You know those PHI numbers as well as you know your own birthday. Just in case you've
forgotten, the number of days you must wait before crops can be safely harvested—the pre-harvest interval (PHI)—is stated on the pesticide label. What you might not realize is there are severe penalties if you fail to observe that waiting period.
Late season insecticide treatments represent some of the longest withdrawal times. Roy Boykin, Syngenta technical brand manager for insecticides, says the purpose of the pre-harvest interval is to ensure the insecticide residue within a crop is reduced to a safe level before entering the food system.
If farmers fail to follow a pesticide's pre-harvest interval their crop could be condemned. "This shouldn't happen if farmers follow the pre-harvest regulations on the insecticides' label,” he says.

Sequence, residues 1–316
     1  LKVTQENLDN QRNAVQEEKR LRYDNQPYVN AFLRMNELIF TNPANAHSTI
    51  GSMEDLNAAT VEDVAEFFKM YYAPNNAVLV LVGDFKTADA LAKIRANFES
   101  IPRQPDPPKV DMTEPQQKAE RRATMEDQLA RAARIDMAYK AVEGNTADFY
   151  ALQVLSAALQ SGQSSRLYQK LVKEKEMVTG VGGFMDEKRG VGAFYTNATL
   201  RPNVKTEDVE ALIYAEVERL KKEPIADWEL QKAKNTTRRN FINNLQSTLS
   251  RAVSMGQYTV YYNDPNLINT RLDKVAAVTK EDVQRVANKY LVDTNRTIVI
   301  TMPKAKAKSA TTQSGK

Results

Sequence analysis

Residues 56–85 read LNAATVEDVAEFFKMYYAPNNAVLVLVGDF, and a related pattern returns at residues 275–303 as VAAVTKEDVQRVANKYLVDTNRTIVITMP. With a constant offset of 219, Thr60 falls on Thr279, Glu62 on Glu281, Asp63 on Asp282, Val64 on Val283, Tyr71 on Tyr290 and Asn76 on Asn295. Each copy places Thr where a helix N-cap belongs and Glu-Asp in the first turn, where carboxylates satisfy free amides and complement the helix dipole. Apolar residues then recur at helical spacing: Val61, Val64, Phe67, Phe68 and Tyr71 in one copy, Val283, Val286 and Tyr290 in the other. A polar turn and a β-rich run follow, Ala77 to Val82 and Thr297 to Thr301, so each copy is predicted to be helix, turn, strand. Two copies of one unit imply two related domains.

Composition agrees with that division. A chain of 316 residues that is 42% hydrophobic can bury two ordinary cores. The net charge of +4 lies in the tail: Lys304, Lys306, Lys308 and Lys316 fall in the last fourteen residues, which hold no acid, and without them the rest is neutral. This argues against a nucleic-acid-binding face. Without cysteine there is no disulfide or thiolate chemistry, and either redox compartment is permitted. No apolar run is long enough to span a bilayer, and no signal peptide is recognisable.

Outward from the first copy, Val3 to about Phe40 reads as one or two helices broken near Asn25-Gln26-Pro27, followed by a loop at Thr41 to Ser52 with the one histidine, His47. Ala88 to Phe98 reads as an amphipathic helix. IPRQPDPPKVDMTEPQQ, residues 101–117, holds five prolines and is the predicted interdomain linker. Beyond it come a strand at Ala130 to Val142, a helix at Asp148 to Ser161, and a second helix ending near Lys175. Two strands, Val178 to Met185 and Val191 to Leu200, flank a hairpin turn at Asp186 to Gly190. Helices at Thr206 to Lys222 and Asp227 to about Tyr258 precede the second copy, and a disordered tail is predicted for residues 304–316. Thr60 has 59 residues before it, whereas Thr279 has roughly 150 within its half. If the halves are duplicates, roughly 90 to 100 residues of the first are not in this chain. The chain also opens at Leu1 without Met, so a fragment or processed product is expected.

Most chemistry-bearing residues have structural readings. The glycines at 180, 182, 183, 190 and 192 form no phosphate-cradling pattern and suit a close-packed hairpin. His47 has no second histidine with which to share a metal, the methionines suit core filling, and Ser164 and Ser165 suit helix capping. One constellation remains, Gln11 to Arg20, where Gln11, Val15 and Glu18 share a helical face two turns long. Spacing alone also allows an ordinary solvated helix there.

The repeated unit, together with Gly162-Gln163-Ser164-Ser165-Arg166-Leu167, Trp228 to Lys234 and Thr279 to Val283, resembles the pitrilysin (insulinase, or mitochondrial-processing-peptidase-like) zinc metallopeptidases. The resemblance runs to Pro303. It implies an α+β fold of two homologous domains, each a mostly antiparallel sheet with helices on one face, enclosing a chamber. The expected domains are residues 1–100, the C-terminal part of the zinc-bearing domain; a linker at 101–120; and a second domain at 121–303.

The Environmental Protection Agency (EPA) sets the tolerance for the residue level allowed. EPA can hold farmers liable if they haul crops with unsafe pesticide residue to grain elevators.
Marlin Rice, Iowa State University entomologist, recently published an article on the legal responsibilities of farmers concerning pre-harvest intervals. To avoid violating the insecticide requirements, Rice suggests that farmers keep a record for each field, including:
- the insecticide name and rate
- application date
- pre-harvest interval
- harvest date
Rice also says custom applicators should document that they informed the farmer of the application date and pre-harvest interval for the chemical.
For More Information
For a list of common soybean insecticides and their pre-harvest intervals:
For information on some of the legal issues surrounding pre-harvest intervals: